Impact of education and training on type of care provided by Breastfeeding Peer Counselors
Sullivan, Elizabeth Marie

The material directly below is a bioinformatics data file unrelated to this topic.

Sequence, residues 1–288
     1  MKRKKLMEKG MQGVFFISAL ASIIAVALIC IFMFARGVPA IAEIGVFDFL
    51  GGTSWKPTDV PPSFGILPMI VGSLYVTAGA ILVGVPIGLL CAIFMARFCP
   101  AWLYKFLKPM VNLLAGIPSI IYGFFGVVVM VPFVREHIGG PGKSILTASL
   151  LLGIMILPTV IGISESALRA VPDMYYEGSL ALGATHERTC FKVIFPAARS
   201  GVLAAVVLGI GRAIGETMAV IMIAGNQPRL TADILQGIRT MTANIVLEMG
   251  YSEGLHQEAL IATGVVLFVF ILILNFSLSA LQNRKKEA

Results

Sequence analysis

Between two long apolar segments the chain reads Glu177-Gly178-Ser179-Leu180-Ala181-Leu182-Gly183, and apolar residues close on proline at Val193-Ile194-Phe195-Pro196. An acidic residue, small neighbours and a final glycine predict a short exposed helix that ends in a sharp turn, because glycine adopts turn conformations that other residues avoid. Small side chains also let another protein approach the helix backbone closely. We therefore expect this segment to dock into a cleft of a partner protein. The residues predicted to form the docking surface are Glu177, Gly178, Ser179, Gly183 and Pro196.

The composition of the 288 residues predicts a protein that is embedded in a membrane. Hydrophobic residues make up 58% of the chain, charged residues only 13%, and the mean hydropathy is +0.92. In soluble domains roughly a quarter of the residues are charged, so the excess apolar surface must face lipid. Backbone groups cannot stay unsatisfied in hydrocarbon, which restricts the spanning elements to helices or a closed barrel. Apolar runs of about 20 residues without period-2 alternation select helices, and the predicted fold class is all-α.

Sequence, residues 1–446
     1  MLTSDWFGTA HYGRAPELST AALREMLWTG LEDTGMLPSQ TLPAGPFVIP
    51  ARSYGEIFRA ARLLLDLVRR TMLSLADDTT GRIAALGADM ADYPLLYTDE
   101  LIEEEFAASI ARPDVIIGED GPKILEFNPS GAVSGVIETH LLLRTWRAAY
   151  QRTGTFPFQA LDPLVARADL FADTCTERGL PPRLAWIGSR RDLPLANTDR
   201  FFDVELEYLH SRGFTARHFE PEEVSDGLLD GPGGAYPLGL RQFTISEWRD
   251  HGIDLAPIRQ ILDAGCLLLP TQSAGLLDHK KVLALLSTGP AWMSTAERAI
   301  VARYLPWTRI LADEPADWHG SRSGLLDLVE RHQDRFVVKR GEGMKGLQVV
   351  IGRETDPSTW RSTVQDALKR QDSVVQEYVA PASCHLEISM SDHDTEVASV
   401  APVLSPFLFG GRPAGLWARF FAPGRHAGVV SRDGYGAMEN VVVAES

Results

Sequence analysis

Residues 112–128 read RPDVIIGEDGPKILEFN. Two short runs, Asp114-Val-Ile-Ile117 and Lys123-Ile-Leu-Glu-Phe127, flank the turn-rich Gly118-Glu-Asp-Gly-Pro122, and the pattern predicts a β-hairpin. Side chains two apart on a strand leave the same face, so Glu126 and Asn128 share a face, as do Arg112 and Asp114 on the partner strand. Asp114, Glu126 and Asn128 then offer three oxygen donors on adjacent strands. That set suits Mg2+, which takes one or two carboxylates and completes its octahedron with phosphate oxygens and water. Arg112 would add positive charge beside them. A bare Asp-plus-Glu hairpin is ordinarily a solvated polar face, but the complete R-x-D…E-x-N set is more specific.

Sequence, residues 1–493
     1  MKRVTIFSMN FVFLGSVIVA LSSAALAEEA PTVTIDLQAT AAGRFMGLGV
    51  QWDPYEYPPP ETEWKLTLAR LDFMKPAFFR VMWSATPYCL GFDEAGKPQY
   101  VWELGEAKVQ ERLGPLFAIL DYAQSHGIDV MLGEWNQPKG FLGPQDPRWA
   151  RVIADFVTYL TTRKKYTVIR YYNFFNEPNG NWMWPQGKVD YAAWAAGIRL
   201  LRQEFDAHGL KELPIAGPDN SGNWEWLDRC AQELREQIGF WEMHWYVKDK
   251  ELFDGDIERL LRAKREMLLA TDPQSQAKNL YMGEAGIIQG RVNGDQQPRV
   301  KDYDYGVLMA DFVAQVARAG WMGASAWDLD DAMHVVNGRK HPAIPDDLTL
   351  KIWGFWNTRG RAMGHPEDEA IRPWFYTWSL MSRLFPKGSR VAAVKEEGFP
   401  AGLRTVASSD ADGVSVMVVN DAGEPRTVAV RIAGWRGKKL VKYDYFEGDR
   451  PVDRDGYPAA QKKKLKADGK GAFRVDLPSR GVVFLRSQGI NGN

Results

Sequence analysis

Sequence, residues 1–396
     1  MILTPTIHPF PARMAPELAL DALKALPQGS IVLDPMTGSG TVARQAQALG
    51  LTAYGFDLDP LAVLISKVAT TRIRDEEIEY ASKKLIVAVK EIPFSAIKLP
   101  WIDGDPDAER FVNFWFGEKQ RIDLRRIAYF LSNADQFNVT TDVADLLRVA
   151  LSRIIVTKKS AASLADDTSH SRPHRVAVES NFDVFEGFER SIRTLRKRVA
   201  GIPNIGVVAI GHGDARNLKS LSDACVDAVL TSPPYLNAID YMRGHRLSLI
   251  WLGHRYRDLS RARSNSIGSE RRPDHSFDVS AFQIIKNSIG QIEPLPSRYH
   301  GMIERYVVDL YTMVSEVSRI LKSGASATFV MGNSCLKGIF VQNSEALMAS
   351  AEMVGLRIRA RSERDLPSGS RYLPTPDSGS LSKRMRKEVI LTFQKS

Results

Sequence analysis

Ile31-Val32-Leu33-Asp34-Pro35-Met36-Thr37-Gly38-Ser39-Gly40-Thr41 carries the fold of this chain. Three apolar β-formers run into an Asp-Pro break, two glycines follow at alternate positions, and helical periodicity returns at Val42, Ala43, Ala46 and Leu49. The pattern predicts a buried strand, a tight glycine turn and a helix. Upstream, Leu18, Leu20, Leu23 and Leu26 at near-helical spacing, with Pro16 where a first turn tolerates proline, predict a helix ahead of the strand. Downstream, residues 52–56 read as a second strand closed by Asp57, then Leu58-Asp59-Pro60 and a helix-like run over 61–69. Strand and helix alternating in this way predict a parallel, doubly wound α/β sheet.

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Background: Studies using breastfeeding peer counselors (BFPCs) have repeatedly shown positive impact on breastfeeding initiation, exclusivity and duration, particularly among low-income mothers, although other studies have not. Methods: This cross-sectional study was designed to ascertain the influence of educational attainment and duration of initial training on support and proficiency of BFPCs in communities across the US. Invitations to participate in this online survey were e-mailed to program coordinators of community health organizations who encouraged their BFPCs to participate. A total of 847 BFPCs who participated in the survey with complete data were included in the final data analysis. Results: Overall, education was not a significant predictor of support skills used during counseling sessions, but initial training duration did have a positive association with the use of many breastfeeding support skills. Conclusion: Further research is needed to examine the content and consistency of training curricula in BFPC programs across the US.